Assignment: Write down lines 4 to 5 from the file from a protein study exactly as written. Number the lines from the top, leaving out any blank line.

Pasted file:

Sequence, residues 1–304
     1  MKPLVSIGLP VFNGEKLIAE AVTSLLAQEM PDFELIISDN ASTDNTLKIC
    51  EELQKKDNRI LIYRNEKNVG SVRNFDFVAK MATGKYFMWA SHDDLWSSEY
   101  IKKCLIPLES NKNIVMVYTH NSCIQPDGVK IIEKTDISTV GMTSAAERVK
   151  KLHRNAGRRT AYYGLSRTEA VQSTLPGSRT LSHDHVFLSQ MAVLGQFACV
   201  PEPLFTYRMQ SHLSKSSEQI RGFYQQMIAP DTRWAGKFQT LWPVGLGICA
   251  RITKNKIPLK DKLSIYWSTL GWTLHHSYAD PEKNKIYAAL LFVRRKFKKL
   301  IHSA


   101  IKKCLIPLES NKNIVMVYTH NSCIQPDGVK IIEKTDISTV GMTSAAERVK
   151  KLHRNAGRRT AYYGLSRTEA VQSTLPGSRT LSHDHVFLSQ MAVLGQFACV